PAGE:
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Lithograph - Bishops Cannings Church, Wilts. S.E. View - Day

there was no question of diabolical possession.  The unfortunate

girl was clearly suffering from Wilson’s disease.  As a Clinical Neurologist,

I would be a fool if I hadn’t picked up on the symptoms you described.

The muscle twitches, postural abnormalities and spontaneous laughter

are classic signs.  Even the extraordinary colour of her eyes was owing

to the copper deposits in her irises- Kayser-Fleischer rings, to be technical.

You amaze me, Dr Lawes.  No wonder the poor child is so restless.  We

have all misjudged her and, like Legion, she has roamed among the

tombs. We must try to placate her.  Perhaps she would rest in peace if

her character could be vindicated in our Parish Magazine?  We could hold

a graveside service and apply to the Bishop for permission to reconsecrate

the ground.

The vicar’s enthusiasm was beginning to run away with him.

He persisted: Actually there are still some Nortons living in the tied

cottages in Steeple Bayford.  Some of them work in the Wilton factory

nearby.  We could invite them, though they are not C of E.  I used to

think that some of them were rather hostile- Methodists and suchlike.

Maybe they reckoned their ancestor hadn’t been treated too well in

the Established Church? suggested Dr Lawes.  I don’t think their

perceived unorthodoxy has anything to do with manifestations of the

disease per se, though they will all be carriers.  But even should

they marry another carrier, which is very unlikely, the chance of any

child developing the disease would be 200:1.

Oddly enough, now I come to think of it, reflected the vicar, I

spoke to a Mr Norton in the local infirmary, on one of my visitation

rounds, only two weeks ago.  He was suffering from cirrhosis of the

liver.  Alcohol abuse, I’d put it down to.  As I explained, he wasn’t in

too talkative a mood when he saw my dog collar.

Wilson’s disease affects the liver, Lawes pointed out.  It would

be extremely helpful and valuable for research purposes if I could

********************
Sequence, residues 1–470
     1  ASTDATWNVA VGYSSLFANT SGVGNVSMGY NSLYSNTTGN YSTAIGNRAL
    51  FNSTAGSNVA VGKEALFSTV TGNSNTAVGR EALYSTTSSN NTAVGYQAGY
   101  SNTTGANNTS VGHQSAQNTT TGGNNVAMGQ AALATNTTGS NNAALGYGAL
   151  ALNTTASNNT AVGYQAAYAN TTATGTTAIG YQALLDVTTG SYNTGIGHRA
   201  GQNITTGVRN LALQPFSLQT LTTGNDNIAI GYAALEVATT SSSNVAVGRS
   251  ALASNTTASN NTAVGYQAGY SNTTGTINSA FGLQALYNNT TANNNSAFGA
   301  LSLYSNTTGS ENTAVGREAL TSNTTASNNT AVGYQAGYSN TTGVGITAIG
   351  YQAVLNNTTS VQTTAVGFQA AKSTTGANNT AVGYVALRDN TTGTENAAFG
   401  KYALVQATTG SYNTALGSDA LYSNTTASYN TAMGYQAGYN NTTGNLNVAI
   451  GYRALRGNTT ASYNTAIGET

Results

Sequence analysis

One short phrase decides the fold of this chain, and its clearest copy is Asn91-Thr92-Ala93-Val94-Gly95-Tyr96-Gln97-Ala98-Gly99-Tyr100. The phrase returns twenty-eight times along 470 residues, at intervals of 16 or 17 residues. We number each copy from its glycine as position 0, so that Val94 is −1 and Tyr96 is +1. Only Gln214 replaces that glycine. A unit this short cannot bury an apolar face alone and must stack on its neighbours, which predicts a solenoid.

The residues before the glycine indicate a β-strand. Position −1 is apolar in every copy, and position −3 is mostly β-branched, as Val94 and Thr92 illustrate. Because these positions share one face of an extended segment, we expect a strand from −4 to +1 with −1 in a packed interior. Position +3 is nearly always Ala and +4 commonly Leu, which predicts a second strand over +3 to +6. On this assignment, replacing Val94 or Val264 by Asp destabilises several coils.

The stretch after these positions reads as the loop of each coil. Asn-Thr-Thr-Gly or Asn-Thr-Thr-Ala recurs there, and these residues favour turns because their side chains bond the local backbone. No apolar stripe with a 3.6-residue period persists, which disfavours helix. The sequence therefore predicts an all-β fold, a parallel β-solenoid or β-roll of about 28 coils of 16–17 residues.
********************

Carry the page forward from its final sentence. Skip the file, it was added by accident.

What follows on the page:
meet with his consultant.  Perhaps we could collaborate on a paper.

If you are going to be in the vicinity on Thursday, we could go

to the hospital together.  I’ll phone Mr Milton, his consultant.  He’s

a member of our congregation.  A greater awareness of the condition

might help to lay the ghost, as it were.  Give me your contact details

and I’ll see what I can do….

The smile relaxed its sneer and faded to a slight smirk and then the

greenish eyes closed their pale eyelids.


Mr Norton, may I introduce you to Dr Howard Lawes from Alabama?

He has a special interest in Wilson’s Disease.

Mr Milton was more effusive than he had been on a ward round for

many years.

Pleased to meet you, sir.  I will try to give you any information, but I

think it’s too late for me.  My liver seems to have packed in.  I’m tired

of explaining that my family is teetotal and has been for a couple of

generations.  Primitive Methodists, we are.  Never touch the stuff.

It seems that your family has borne moral misapprehension and

disapprobation for long enough, Dr Lawes smiled sympathetically.

We thought the illnesses were God visiting us with judgement unto

the fourth generation, Mr Norton grimaced.  Payback for Mary

Norton’s sin.

Nonsense.  Your liver problems are entirely linked to your disease

and so were those of your forebear.

I never thought a God of Love... interjected the Rev Dodgson, a trifle

hastily, but no one paid him the slightest attention.

Mr Norton shifted on his pillows: Hmmm, I don’t know that she wasn’t

a bad case, anyhow.  The family were disgusted by her behaviour, by

all accounts.

What do you mean?  asked Dr Lawes.

The patient’s voice dropped to a hoarse whisper: All those carrying-ons

in the woods with her elder brother, Francis.  Of course, when the

bastard was born, they hushed it up, but everyone knew that Abraham

Norton was not her younger brother, but her son.

So, what do you reckon is the significance of this hearsay, Mr Norton?

enquired the Rev Dodgson.

Simply this.  Mary Norton may not have been possessed by the devil,

but she might as well have been, judging by the family’s reaction and

community prejudice and gossip.  We Nortons are said to have the sins

of our forefathers visited upon us to the nth generation.

Superstitious nonsense!  the Rev Dodgson exhaled.  But I suppose we

can’t lay sleeping ghosts if they don’t wish to remain supine.  I can’t really

sanction incest, anyway.  Maybe it’s better not to resurrect the past

and its scandals.

Yes, it’s a pity that the lady did not adopt ‘the serious study of virginity’,

as recommended in my namesake’s masque.  Otherwise she might have

known ‘the transport of a thousand liveried angels’ and have been

reposing in quietude.

How poetical!  exclaimed the Rev Dodgson, who appreciated these

archaic words and was no stranger to purple prose, himself.

Mr Milton, the physician broke in:  I am very glad that we have started

Mr Norton on Penicillamine.  We had a very useful session, Dr Lawes

and I promise to keep you in touch with my patient’s progress.

Great. I look forward to meeting up with you at the next ‘Gut’ meeting

in Texas.  I’ll certainly acknowledge you in our paper.

Goodby, Mr Norton.  All three moved on.


Magpie arp.jpg

Above the graveyard the mouth smiled grimly.  It tried to utter something,

but only the chattering of a magpie filled the surrounding trees.  Some tears

fell as droplets of rain on the flat gravestone of Abraham Norton, aged

seventeen, who was buried with Mary’s parents and his ‘siblings’, including

Francis, his wife and three children.

Thyrsis Langford, Verderer and self-appointed local Lothario, did not even

turn over in his corner plot.